A company is only as good as the people running it. This much is true. But what people often fail to recognize is that a company wouldn’t even be a company if it weren’t for the employees working behind the scenes. Employees serve as irreplaceable resources any company can’t go without. They are hands, feet, and the backbone that mobilizes the entire company. Without them, ideas would remain as ideas. No more and no less.
However, it is all too often that company managers and administrators would express dissatisfaction with an employees’ work output. A common cause for grievance would be low outputs, gross misconduct, underperformance, or all of the above. These issues have long been destroying employer-employee relationships, and often end in both parties harbouring bad blood against each other. But can we really blame employees for doing unsatisfactory work all the time?
Many factors influence employee behaviour. Some employees would go as far as purposefully sabotaging their own work just to make a point. They will intentionally lower their work performance as a form of rebellion against the management – yes, even if it means risking their jobs in the process.
You see, not all employees are tolerant or stupid enough to just humour the decisions of whoever is on top. And they’re definitely not blind to the injustice that exists within the company, if there are any. So just in case you’re wondering what’s causing the obvious drop of employee productivity in your company, you might want to analyze your company’s internal systems first.
Are you sure that the current program you have for employees is sufficient to satiate their needs?
Are you giving them all the benefits rightfully due to them?
Is your manner of doing business just and favorable?
If I am to work for the company I am running, would I feel satisfied with the current management?
Ponder upon these questions carefully. Then you can decide whether the work environment you currently have in the company is employee-friendly or not. And to better guide you in doing your own, internal evaluation of your company, here are a few notes to remember:
People Don’t Just Work For Money
This is a common misconception employers have. They would often think that employees will stay if they are earning enough. Sometimes, they even think that employees will do anything just to keep their jobs. After all, populous cities like New York have significantly high rates of unemployment. This means that decent jobs are hard to come by in places with too much competition. So, how can employees even entertain thoughts of abandoning their jobs – right?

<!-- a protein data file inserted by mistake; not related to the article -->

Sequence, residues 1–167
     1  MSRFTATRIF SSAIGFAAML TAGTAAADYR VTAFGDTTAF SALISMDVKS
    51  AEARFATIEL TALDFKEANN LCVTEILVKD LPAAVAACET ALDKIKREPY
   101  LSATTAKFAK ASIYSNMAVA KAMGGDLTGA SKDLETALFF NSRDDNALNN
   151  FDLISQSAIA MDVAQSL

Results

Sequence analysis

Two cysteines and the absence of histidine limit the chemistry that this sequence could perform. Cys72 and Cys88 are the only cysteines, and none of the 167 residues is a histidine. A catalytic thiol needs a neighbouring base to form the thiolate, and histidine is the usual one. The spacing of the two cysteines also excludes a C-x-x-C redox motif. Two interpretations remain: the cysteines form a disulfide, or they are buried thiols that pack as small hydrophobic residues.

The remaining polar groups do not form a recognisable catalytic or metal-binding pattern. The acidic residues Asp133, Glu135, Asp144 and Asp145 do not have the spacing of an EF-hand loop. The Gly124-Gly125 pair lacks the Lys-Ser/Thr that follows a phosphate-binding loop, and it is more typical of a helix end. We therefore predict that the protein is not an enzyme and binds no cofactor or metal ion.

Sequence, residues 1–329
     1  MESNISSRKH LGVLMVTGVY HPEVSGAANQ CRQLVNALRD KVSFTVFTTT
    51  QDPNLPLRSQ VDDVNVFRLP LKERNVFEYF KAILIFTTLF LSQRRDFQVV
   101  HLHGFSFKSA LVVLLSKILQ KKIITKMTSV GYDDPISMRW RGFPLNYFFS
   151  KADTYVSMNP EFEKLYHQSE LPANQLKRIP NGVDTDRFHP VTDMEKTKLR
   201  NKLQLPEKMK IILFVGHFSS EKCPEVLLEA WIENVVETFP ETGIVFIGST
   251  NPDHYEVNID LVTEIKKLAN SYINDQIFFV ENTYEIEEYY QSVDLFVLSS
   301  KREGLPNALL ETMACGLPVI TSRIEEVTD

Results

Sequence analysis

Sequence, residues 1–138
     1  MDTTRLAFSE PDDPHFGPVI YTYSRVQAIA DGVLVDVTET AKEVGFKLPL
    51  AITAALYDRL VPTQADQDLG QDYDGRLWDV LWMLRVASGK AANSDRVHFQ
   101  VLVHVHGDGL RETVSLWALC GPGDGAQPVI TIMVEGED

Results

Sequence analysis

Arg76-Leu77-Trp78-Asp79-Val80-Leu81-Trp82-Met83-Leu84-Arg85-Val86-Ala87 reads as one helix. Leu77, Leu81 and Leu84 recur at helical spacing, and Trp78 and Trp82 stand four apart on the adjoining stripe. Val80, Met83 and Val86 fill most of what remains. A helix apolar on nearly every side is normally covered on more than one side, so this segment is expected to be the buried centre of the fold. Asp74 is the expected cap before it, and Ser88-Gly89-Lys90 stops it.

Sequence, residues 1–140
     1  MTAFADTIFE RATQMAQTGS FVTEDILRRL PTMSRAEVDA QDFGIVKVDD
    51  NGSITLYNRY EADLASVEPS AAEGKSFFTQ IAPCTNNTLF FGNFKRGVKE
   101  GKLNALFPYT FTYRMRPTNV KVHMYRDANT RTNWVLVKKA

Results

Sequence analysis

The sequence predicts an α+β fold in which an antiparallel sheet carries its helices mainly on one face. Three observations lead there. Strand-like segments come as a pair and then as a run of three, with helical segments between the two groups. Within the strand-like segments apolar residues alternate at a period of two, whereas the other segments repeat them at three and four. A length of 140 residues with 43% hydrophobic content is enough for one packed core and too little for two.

Let me tell you something. Employees WILL leave their jobs when they find it too unfair or unrewarding. Let’s not forget that globalization is making jobs more accessible for individuals that have unrivalled potential. Highly-talented employees that you take for granted can turn the tables on you at any given time. The whole world is their oyster and the internet is a giant hiring platform that can introduce them to multitudes of BETTER career opportunities. Are you really sure that employees get the short end of the stick when they resign? Did it even cross your mind that maybe, it’s the other way around?
Employees Value Corporate Culture More Than You Know
Corporate Culture, when done right, is a huge plus factor that can encourage employees to work harder and improve their productivity – not to mention, it also plays a big part in retaining employee loyalty. In case you are unfamiliar with Corporate Culture (CC for short), let me explain the concept briefly.
When a company has existed long enough, it begins to develop its own identity – an entirely diverse culture that is commonly shared by everyone who is part of the same company. Like countries, each company would have a different culture. Some would be warm and inviting; others would be toxic and restrictive. A good culture usually becomes a foundational factor that makes people stay with a company. Needless to say, great CC motivates employees to do better – to grow into a better professional.
I remember a good friend of mine, who used to work (and probably still working) part time for a certain company. She was fully-aware that she’s being underpaid before I even called her attention about it. But she stuck with the same job for years. It boggled me really. “Why?” I would often think. But I soon realized that it was because the culture that existed within the company was sublime. They didn’t have much to offer, monetary-wise. But they had a rich, supportive culture. People weren’t trying to bring each other down. It was the opposite actually – they always tried to help each other out. Although I, for one, would still say that this company deserves a legal summon (they are underpaying, after all), they still have my applause for establishing such a culture.
Employees Need To Feel That They’re More Than Just Tools
When you start taking employees for granted, they will also start getting the wrong idea. Never forget that behind job positions are individuals who have their own rights and privileges. They are not mere tools to help you grow your business, nor are they pawns you can simply discard after they’ve served their purpose. When employees get the gist that you are not treating them with the respect they deserve, chances are, they’ll turn their tails on you. Or worse, report you to labor councils. Mind you, we’ll happily welcome them with open arms. *wink*
See to it that they are getting what is rightfully due to them. Being cheap, or depriving them of their benefits as ascribed in the laws of the state, will certainly leave a sense of unfairness in your employees’ hearts. If you want to save yourself the trouble and the insane costs of taking matters to court, make it a point to look after employees’ welfare. This will not only benefit them; it will benefit you as well. Remember, happy employees are productive ones. So, do it right!